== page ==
By: Margaret Brown
TWO WEEKS ago I wrote about the demolition and building works being carried out on the road to Lagos Marina.
The old Palácio das Conservas, otherwise known as the sardine factory, among British expatriates, has been demolished but the cracked and bent chimney remains. Protected by scaffolding out of respect for a pair of nesting storks living on top, a slight change has been made to their penthouse eyrie since I saw it last.
The nest and around four feet of original brickwork have been lifted away from the main stem and placed alongside, on a platform at the top of its iron corset. As soon as I saw this I thought of Saint John the Baptist, whose severed head was given to Salome on a plate when King Herod told her to ask for whatever she wanted as a reward for her dancing: the triggers that awaken a train of thought are very strange and a source of constant surprise.
Take a look next time you pass by: for me it brought to life the dreadful tyranny of those ancient days and similar attitudes and actions of today’s despotic rulers, especially in sub-Saharan Africa. There seems to have been very little change with regard to Man’s inhumanity to Man through the centuries.
At the time, we were on our way to Sopramar Boatyard with a job to do and, while there, wandered among the mass of yachts in their cradles. Some were having a repaint, others an overhaul ready for the new season and a few just needed a bottom scrape to remove barnacles.
During their development these strange crustaceans pass through two stages as free swimming larvae and travel by current and tide until a suitable environment such as a rock or boat is reached. Cementing themselves head first into position, they remain there for life and grow by adding further material to their original protective plates, feeding on Plankton which they gather with their feet.
Another member of the same family, the Gooseneck Barnacle, is considered a great delicacy in Iberia. Found only on rocky coastlines exposed to wave and tide, those who harvest them do so at considerable risk resulting in the occasional drowning. Known as percebes they look like small elephant feet with a portion of leg attached.
When available, cafés and bars stick up a notice to say “Há Percebes” and a cooked portion may be bought over the counter. Rubbery and redolent of the sea, the meat is pulled out from the horny covering on the barnacle’s foot and chewed for a while before swallowing: not at all unpleasant, the nearest equivalent in texture being a boiled snail which may be sold on the same premises. Both are an acquired taste and very popular with the Portuguese.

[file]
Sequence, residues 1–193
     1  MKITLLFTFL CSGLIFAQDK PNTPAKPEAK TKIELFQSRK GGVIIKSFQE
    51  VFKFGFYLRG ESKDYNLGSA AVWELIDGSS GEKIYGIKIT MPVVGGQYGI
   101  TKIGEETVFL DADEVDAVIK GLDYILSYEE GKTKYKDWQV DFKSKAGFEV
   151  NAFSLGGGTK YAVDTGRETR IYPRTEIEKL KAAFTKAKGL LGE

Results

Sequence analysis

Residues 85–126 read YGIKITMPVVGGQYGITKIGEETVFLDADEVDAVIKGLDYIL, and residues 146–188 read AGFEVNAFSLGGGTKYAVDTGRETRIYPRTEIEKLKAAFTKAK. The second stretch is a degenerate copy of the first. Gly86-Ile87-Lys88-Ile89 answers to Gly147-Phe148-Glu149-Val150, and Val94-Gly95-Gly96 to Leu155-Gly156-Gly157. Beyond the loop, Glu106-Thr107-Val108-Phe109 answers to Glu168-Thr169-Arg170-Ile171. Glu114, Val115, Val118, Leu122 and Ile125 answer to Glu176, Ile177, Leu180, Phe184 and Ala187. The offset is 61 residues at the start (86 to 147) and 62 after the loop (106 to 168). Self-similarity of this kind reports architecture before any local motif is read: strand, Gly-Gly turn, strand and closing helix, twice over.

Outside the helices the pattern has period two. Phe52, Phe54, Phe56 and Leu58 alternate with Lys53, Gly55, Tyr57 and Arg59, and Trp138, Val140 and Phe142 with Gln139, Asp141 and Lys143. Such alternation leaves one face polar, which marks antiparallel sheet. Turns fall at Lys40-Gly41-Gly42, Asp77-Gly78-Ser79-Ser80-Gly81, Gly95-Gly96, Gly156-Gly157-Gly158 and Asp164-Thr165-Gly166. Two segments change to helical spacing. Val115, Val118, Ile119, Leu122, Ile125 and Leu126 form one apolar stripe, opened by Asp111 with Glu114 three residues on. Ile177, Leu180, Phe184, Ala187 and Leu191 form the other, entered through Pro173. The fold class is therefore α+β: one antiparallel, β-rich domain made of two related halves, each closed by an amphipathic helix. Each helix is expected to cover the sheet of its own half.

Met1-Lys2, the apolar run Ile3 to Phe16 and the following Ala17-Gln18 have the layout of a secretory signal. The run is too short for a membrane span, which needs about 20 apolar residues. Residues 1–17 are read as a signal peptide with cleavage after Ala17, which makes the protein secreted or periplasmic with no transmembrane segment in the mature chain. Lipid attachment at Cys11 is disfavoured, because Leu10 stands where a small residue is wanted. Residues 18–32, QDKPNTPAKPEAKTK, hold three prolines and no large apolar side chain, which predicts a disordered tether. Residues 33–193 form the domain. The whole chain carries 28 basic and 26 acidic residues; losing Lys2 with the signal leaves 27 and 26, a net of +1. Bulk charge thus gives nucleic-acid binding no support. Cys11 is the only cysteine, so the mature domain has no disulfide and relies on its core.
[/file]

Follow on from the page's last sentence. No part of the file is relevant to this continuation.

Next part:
Back to the boatyard which was bustling with enthusiasm under a wide blue sky. Crews were living on yachts while doing their own refits, others had hired professionals to do the job and it was good to see trawlers being worked on among the elegant racing hulls. Eminently seaworthy and built on traditional lines designed for the hauling and casting of nets, two of the fishing boats were set on chocks slightly apart from the rest. Think of them as a couple of square built middle-aged farmers’ wives in a party of chorus girls, each suited to the job in hand and with their own unique beauty.
Also having a paint-up was the little flat bottomed ferry, aptly named Vai Vem, that crosses between Lagos and Meia Praia beach during the summer months. An open box on a catamaran hull with an awning for shade and a small outboard motor, it plies to and fro’ the River Bensafrim all day: a brief and leisurely trip bringing shops and beach within 10 minutes of each other and is occasionally rocked by one of the many pleasure craft which far outnumber today’s work boats.
The fleet of trawlers we used to watch, coming home laden under a veil of hungry seagulls, has all but disappeared. A few years ago, the Bay was invaded by a number of Spanish boats which, according to rumour, were using finer nets than permitted and subsequently depleted the whole area of replacement stock. Perhaps, with time, the shoals will return, but by then there may be no one to go trawling.
Anyway, we have a problem of our own at the moment. With a visit to Wales planned in May and both our driving licences coming up for renewal, rather than go through the trauma of visiting the Direcção Geral de Viação (DGV) head office in Faro, we opted to ask the local driving school to do the hard work. Having handed over the expiring plastic to an unsmiling bureaucrat and parted with 45 euros each, we gave sighs of relief and settled down to wait.
Two months later the Boss called in to try to hurry things along and was told that both licences were waiting for us in Faro. We could not receive them through the post as promised until our Residencias were checked – photocopies would not suffice. Never before had we been asked to do this and it was with great reluctance that we gave them to Lagos school to mail to Faro. Time is running short and still we wait ….